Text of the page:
Newscasts

PNS Daily Newscast - January 19, 2018 


It will be up to the U.S. Senate today to take the next step, if a government shutdown is to be averted; also in focus on our Friday rundown, President Trump extends Religious-Refusal Protections to health providers; and, we will tell you about a 15 year old in North Carolina who just formed a Political Action Committee.

Daily Newscasts

Public News Service - MN: Rural/Farming

Cover crops such as winter rye are a good way to reduce runoff from fertilizer. (LSDSL/Wikipedia)

ST. PAUL, Minn. – Minnesota is the first state in the nation to try telling farmers how to apply fertilizer to their crops. The state’s Department of Agriculture has drafted a rule meant to cut down on nitrogen runoff. Nitrogen fertilizer is the main source of nitrate pollution in th

Eighteen neighbors compared notes and brainstormed policy suggestions during a citizen's jury meeting last March in Winona. (The Jefferson Center)

ST. PAUL, Minn. – In three Minnesota counties, neighbors are using citizens' juries to compare notes and reach consensus on issues that have been divisive in other places. The nonprofit Jefferson Center is convening regular people – not experts or elected officials – to discuss c

About 3,000 people demonstrated against President Donald Trump's proposed Muslim Ban in Minneapolis' Powderhorn Park last February. (Fibonacci Blue)

MINNEAPOLIS – It's not just talk. The Trump State Department is denying more permits for foreign workers. That means Minnesota businesses are not able to hire employees they need - from medical specialists to agricultural workers who milk most of the state's cows. Laura Danielson is a Minnea

Despite growing demand, only about 5 percent of milk sold in the United States comes from organic farms. (Oregon State University/FlickR)

MINNEAPOLIS — The five biggest meat and dairy companies emit more greenhouse gases than do Exxon, Shell or British Petroleum, according to a new report. And if the meat and dairy industries continue as they are, it says, the Paris Climate Accord will be moot and a climate catastrophe inevitabl

Farmers markets will have fresh produce through October, according to the Minnesota Farmers Market Association.  (Patric Kuhl/FlickR)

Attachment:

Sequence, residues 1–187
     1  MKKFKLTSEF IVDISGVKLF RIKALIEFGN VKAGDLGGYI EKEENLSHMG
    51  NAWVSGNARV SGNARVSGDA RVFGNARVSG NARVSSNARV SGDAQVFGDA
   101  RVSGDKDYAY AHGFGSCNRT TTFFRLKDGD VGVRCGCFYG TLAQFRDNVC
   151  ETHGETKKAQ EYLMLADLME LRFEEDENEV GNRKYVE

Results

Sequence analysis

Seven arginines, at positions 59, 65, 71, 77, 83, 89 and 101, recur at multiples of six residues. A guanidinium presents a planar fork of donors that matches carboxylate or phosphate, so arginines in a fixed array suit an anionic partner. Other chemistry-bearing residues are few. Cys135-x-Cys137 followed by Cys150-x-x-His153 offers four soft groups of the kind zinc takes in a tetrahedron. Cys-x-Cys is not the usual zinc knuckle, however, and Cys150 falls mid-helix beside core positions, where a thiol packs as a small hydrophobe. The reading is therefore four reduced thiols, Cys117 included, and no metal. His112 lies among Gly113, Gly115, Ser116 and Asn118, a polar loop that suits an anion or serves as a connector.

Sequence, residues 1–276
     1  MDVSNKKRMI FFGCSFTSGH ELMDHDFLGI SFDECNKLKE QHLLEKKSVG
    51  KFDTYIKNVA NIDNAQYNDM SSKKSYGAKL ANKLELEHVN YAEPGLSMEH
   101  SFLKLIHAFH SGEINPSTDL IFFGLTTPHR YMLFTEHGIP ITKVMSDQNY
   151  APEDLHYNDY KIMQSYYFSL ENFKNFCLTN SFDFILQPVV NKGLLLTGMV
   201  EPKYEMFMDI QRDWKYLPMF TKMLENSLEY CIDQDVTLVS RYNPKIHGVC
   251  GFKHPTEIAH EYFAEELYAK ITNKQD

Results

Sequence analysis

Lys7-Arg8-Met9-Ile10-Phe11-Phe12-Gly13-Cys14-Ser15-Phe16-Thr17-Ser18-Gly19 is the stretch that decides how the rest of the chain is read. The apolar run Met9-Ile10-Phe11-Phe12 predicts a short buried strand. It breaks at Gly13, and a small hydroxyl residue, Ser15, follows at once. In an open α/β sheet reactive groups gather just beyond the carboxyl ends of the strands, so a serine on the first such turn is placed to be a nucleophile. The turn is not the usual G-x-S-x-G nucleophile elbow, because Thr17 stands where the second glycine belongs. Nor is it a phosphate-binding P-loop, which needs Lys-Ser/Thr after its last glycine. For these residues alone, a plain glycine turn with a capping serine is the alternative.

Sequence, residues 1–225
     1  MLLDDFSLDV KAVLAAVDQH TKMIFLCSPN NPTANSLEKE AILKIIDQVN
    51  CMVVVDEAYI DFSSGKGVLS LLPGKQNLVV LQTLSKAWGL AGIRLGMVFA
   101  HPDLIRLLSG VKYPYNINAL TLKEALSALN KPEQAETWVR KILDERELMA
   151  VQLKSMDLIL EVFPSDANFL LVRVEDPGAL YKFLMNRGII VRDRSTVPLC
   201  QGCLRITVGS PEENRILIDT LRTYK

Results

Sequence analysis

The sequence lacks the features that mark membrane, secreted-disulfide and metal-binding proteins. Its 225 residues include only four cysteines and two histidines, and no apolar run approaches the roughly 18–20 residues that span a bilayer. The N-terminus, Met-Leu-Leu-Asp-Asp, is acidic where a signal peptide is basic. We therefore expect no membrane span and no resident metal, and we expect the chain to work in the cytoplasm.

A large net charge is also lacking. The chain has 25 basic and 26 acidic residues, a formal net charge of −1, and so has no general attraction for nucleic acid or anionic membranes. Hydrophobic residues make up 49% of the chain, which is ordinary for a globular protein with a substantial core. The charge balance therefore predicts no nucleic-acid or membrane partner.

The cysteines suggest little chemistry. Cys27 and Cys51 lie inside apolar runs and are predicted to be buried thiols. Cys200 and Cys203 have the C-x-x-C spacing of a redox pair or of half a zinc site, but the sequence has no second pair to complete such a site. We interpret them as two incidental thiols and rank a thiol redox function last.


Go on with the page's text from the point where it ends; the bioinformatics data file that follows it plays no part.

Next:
ST. PAUL, Minn. – After a cold, wet summer and a September that was all over the place, Minnesota farmers are bringing plenty of produce to market in October. This is good news especially for lower-income Minnesotans who are doubling their federal food assistance money with a state program cal

More schools are using locally grown food. (U.S. Department of Agriculture)

MINNEAPOLIS – October is national Farm-to-School Month. Policymakers in Minnesota have been building the relationship between farmers and K-12 students for about 10 years, and it's paying off. Erin McKee, farm-to-institution director for the Institute for Agriculture and Trade Policy, says a

Goats were used to thin buckthorn and other invasive plants in both Minneapolis and St. Paul this year. (Sam Greenhalgh/Flickr)

ST. PAUL, Minn. - Goats are catching on as an effective and sustainable alternative to chemicals for controlling buckthorn and other fast-growing invasive plants. The Minnesota Department of Natural Resources has started using the animals on steep hillsides in state parks. Farmers, cities and towns

Extreme drought in three states has caused a severe shortage of hay for ranchers and farmers. (Pixabay)

FERGUS FALLS, Minn. -- Drought stricken farmers and ranchers in three states have until August 31 to enter a lottery for badly needed hay. The hay is coming from Midwestern states that have had more rain than the Dakotas and Montana. Over the weekend, a Minnesota trucking company hauled 20 loads f

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